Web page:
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Binder-free 3D silicon-nickel electrodes for Li-ion batteries show high capacity and cycling stability

13 November 2012

Master.img-001
Cycling characteristics of 700 nm 3D(Si,Ni) at 1C showing a reversible specific capacity of 1,650 mAh/g after 120 cycles of charge/discharge. Credit: ACS, Gowda et al. Click to enlarge.

Researchers from Rice University and Applied Materials have developed another approach to delivering the theoretically high energy capacity of silicon-based anodes for Li-ion batteries while avoiding the problem of severe capacity fading during cycling associated with the significant volumetric changes resulting from reversible lithium ion insertion.

In a paper published in the ACS journal Nano Letters, they report engineering three-dimensional porous nickel-based current collectors coated conformally with layers of silicon to form high-capacity electrodes. These binder/conductive additive-free silicon electrodes showed excellent electrode adhesion resulting in superior cyclic stability and rate capability. A 700 nm 3D(Si,Ni) material at 1C showing a reversible specific capacity of 1650 mAh/g after 120 cycles of charge/discharge.

The nickel current collector design also allows for an increase in silicon loading per unit area leading to high areal discharge capacities of up to 0.8 mAh/cm2 without significant loss in rate capability.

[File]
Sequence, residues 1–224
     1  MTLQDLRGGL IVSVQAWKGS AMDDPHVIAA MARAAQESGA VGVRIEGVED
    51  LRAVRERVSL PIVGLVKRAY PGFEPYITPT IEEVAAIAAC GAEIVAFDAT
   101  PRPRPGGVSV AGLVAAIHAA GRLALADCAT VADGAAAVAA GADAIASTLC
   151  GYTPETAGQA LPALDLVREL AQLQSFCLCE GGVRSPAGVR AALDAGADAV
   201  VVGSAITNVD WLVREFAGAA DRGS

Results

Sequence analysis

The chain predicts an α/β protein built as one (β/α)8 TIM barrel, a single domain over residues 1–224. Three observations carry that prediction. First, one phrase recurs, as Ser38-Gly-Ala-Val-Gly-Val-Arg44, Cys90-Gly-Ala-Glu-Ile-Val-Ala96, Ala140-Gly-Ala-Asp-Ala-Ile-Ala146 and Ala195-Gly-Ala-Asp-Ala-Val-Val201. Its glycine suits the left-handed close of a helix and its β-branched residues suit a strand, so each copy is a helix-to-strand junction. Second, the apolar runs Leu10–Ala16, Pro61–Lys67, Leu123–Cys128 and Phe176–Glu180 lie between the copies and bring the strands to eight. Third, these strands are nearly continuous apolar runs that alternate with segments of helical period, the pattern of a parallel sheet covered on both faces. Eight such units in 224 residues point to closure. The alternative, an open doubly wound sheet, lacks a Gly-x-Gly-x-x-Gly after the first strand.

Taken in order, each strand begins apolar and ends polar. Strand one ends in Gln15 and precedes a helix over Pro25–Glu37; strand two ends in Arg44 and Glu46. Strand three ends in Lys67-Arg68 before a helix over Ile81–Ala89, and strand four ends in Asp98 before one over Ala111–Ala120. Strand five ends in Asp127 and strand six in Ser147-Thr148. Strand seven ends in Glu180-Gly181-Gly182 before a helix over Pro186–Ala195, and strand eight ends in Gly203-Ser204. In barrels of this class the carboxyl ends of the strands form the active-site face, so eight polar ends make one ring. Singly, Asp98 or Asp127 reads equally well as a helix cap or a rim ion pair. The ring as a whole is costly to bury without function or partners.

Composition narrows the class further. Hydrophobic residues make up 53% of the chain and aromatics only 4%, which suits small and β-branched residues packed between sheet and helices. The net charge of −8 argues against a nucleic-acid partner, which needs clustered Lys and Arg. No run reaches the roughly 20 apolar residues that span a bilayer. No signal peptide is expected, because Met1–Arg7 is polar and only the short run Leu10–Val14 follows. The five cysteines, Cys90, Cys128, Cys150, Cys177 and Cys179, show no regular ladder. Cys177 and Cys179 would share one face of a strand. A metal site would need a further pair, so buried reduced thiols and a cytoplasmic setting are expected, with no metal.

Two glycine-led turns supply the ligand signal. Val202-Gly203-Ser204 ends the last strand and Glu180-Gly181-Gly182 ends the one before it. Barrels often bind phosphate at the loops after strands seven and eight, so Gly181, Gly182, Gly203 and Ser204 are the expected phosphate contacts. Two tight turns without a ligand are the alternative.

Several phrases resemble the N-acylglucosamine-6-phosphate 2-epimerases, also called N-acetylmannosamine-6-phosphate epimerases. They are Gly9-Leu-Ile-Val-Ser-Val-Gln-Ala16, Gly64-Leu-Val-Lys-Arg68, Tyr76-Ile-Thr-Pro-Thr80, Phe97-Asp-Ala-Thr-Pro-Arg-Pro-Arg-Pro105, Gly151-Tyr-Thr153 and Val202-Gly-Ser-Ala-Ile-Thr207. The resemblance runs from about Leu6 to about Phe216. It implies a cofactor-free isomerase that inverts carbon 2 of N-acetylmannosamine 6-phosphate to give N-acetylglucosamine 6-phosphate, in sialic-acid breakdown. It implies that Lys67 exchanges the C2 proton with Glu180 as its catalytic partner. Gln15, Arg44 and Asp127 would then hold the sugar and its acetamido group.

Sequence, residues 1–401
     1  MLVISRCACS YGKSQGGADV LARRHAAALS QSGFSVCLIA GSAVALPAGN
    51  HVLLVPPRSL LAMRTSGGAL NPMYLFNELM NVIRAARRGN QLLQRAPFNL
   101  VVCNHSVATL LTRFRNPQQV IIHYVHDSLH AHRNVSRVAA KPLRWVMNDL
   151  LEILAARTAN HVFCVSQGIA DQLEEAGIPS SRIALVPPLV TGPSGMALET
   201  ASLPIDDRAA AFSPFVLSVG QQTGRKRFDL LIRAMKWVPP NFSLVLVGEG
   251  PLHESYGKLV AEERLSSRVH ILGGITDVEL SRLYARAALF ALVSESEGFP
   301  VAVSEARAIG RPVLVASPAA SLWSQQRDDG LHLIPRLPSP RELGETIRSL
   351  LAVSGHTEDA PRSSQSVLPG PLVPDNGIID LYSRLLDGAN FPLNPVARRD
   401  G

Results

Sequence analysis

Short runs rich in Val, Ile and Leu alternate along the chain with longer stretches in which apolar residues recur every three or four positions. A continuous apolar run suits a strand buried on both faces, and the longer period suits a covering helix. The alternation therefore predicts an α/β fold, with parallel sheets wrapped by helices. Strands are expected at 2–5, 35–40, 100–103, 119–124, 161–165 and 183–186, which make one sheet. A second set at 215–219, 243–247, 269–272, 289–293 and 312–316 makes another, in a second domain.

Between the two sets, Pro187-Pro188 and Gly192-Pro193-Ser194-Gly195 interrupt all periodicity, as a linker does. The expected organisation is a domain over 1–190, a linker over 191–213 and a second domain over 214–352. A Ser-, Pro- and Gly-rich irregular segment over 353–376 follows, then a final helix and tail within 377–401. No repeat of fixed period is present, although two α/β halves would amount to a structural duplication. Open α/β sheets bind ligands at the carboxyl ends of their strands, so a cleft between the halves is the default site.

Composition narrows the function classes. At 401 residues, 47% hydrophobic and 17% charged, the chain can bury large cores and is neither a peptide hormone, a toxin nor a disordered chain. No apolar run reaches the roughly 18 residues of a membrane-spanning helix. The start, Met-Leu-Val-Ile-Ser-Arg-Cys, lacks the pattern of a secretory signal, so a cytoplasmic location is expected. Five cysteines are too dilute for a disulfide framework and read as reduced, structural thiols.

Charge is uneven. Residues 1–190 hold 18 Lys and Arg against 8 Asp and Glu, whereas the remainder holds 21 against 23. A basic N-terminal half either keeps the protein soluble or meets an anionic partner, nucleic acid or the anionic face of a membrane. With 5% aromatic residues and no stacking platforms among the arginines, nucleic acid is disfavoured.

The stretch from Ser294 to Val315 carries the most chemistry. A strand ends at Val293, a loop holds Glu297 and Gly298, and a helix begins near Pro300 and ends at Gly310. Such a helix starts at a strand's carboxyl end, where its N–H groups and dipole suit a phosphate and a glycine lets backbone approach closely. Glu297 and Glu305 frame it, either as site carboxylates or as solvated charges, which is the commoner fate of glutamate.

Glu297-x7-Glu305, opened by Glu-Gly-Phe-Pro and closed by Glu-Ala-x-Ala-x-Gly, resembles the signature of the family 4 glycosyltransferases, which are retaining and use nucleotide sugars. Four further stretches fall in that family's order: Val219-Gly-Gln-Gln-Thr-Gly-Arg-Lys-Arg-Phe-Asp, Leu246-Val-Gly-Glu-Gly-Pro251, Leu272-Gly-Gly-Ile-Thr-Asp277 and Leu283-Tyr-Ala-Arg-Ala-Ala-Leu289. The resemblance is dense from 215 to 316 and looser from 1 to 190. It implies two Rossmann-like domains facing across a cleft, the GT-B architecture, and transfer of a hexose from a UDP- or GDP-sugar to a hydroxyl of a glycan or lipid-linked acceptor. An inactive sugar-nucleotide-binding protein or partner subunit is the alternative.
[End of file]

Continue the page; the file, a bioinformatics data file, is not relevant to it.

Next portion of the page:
They attributed the excellent electrode utilization (85%) and improved cyclic stability for the metal/silicon system to reduced internal stresses/fracture upon electrode expansion during cycling and shorter ionic/electronic diffusion pathways that help in improving the rate capability of thicker silicon layers.

Recently the Li ion battery has gained renewed interest as a potential candidate to replace gasoline in vehicular applications...Hence extensive research efforts are underway in search of new battery electrodes to improve the energy density of the Li ion cell.

...there exists a need for the clear understanding and development of stable binder-free Si electrodes that could lead to significant improvements in energy densities and cycling characteristics of silicon based lithium ion batteries. Herein, we demonstrate the ability to fabricate scalable tubular nickel current collectors with variable pore dimension and thickness suitable for thin film battery applications. Conformal amorphous silicon films of different mass loadings have been coated onto the tubular nickel substrates (3D(Si,Ni)) and tested in lithium half cells. The binder free 3D(Si,Ni) electrode has shown improved capacity per unit area and cyclic stability due to the porous structure and excellent electrode adhesion.

—Gowda et al.

To fabricate the material, they deposited porous nickel films on stainless steel substrate by co-electrodepositing Cu−Ni film; selectively etched copper from the microstructure of Cu−Ni films; and conformally coated silicon films within the pores of nickel by chemical vapor deposition process. Two types of porous Ni films (types 1 and 2) with different aspect ratios were fabricated by selective etching of the copper from coelectrodeposited Ni−Cu films; they also deposited silicon of different mass loading on the two types of Ni films.